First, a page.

University of Surrey Wins Major Nano-materials Contract
The Advanced Technology Institute (ATI) at the University of Surrey (UniS), together with its regional partner, CEVP Ltd. of Newhaven, East Sussex, have won a £450K contract to develop a ‘NanoGrowth’ Machine. This tool will allow the commercial growth of nano-materials (including carbon nanotubes) at low temperatures, allowing the use of substrate materials which cannot withstand the high growth temperatures normally required. The development work is partly funded by the South East England Development Agency (SEEDA). SEEDA contributed £215K to this project, to help realise the potential of nanotechnology in the South East by enabling mass production of nano-materials, including carbon nanotubes, as an affordable platform technology.
The ‘NanoGrowth Machine’ is an exciting world first, offering simple ‘turn key’ operation to produce highly bespoke nano-materials, using recipes patented by UniS.
In general, Carbon Nanotubes grown by the method of chemical vapour deposition require substrate temperatures in excess of 700oC to allow controlled growth on a transition metal catalyst. The NanoGrowth machine allows for the energy to be coupled to catalyst particles via the plasma which allows the substrate temperature to be lowered considerably. This SEEDA contract will enable the ATI and CEVP to grow CNT reproducibly over 3 inch wafers, and the technology is scalable to 8 inch substrates. In addition to the potential for sales of the ‘NanoGrowth Machine’ itself, this technology enables the creation of an exciting range of new nano-material based high value ‘premium’ products, ranging from semiconductor interconnects to low energy solid state lighting to nano-composite solar cells. All of these products have large global sales potential and are based on UniS patented research being developed with commercial partners.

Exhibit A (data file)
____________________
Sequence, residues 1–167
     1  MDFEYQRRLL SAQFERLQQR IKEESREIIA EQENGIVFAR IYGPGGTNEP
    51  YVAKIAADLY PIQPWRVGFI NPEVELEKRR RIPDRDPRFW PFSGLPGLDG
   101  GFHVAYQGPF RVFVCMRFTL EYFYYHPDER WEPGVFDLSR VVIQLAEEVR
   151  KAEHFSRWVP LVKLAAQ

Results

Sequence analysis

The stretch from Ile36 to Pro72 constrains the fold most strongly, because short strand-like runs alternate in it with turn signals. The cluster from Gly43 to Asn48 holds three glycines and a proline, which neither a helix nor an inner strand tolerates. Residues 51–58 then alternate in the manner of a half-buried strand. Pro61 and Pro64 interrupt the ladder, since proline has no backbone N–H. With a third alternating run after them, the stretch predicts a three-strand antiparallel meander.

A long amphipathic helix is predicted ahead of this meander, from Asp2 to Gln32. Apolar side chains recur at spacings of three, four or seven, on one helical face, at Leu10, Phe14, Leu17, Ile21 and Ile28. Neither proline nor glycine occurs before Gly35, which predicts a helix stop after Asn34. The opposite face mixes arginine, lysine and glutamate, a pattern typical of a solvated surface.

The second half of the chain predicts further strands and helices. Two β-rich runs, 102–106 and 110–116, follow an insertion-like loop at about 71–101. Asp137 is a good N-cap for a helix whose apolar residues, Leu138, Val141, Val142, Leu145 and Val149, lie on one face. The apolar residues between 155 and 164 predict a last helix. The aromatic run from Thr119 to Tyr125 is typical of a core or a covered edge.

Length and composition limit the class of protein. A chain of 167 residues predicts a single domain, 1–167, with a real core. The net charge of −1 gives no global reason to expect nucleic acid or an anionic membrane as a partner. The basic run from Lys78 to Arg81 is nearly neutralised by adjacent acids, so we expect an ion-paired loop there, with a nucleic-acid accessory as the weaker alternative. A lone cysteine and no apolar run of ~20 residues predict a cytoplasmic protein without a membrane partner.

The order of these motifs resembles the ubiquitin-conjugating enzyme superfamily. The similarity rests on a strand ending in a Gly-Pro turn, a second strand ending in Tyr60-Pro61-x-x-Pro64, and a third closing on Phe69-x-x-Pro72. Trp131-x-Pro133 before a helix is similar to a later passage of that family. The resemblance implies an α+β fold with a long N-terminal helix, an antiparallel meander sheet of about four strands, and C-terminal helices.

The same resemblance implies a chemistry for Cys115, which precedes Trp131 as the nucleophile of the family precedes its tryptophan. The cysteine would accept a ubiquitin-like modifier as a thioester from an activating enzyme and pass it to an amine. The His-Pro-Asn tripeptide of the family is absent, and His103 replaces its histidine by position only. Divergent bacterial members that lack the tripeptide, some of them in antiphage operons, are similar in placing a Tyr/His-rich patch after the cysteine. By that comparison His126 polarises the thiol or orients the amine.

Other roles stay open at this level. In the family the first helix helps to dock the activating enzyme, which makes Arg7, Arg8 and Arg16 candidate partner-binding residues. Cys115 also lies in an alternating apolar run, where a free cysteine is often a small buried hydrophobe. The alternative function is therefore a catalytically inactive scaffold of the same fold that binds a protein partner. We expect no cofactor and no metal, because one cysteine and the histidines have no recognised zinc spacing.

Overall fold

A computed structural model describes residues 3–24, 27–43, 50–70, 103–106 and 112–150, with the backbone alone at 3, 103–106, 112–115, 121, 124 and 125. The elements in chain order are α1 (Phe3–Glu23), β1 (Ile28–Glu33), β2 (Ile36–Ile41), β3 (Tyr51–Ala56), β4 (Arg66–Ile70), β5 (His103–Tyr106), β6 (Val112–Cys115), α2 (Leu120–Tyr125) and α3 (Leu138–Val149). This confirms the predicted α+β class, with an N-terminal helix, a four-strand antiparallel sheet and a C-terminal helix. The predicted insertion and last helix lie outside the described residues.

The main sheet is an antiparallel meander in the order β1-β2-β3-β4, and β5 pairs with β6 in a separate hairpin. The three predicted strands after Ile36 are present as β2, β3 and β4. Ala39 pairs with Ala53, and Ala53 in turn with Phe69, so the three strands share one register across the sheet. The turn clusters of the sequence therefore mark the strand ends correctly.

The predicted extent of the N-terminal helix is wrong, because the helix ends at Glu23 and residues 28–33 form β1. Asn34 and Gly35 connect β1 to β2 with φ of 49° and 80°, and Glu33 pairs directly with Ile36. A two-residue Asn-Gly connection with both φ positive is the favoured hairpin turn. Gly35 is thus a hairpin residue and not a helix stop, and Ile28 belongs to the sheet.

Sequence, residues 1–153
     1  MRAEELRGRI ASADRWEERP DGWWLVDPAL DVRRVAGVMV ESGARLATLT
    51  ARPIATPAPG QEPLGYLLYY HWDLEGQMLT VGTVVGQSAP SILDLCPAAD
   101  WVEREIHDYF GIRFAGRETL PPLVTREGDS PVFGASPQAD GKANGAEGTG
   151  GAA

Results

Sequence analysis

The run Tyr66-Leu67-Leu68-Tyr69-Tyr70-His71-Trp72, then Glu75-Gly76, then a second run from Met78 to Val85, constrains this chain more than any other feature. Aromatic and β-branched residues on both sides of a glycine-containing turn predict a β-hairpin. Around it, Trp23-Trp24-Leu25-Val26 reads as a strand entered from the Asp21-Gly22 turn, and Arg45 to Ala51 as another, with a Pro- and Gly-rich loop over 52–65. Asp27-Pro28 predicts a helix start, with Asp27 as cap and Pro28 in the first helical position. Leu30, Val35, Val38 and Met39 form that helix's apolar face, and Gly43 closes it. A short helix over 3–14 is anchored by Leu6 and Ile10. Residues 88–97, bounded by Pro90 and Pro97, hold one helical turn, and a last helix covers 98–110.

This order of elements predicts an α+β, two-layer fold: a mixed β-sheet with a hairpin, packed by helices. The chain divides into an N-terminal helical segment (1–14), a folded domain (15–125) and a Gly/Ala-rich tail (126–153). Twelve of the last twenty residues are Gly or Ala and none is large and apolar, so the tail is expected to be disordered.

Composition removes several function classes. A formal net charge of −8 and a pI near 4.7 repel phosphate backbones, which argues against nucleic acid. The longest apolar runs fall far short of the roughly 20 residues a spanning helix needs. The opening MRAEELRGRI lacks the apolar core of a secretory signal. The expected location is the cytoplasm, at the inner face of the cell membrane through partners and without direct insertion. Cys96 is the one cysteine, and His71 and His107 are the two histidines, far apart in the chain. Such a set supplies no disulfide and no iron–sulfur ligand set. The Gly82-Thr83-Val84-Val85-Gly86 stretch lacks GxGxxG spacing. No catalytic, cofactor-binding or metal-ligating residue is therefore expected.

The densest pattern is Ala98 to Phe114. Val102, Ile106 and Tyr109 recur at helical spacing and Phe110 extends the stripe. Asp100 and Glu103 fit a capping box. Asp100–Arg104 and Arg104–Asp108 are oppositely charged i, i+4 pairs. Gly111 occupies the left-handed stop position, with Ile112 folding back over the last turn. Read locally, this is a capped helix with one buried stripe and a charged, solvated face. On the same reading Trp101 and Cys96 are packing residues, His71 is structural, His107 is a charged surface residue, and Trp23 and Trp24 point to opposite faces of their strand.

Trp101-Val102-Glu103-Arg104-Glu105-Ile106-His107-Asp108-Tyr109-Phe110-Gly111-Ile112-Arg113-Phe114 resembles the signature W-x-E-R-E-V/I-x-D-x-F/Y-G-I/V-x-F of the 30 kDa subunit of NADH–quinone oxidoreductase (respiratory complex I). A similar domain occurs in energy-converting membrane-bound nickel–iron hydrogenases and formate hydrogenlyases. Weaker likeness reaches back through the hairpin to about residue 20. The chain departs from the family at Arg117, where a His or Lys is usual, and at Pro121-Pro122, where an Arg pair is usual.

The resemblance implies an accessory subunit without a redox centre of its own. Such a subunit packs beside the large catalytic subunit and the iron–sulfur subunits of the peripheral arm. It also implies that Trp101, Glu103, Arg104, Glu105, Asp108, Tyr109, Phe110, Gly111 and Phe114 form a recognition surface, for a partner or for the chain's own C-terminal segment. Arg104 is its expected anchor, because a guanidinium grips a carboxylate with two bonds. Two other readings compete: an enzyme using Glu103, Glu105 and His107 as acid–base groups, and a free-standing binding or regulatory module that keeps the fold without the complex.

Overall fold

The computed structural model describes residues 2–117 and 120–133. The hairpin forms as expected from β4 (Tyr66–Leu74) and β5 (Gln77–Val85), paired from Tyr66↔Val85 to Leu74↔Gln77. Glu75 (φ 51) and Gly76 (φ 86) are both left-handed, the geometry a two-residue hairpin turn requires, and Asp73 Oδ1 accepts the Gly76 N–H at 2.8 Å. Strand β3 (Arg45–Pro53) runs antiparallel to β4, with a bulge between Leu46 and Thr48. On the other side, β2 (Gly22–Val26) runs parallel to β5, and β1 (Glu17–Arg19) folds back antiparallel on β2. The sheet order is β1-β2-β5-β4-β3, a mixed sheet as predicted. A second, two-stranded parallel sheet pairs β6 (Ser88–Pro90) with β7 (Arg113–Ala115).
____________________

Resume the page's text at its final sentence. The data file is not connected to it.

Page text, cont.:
The lead investigator from the ATI, Prof. Ravi Silva said, "The SEEDA money will help us develop the prototype NanoGrowth machine into a world beating technology platform for nano-materials. We are already in discussions with major multinationals about a range of high-tech products. Together with developing the tool technology, the University of Surrey is actively examining routes to create a spin-out vehicle for this very exciting project".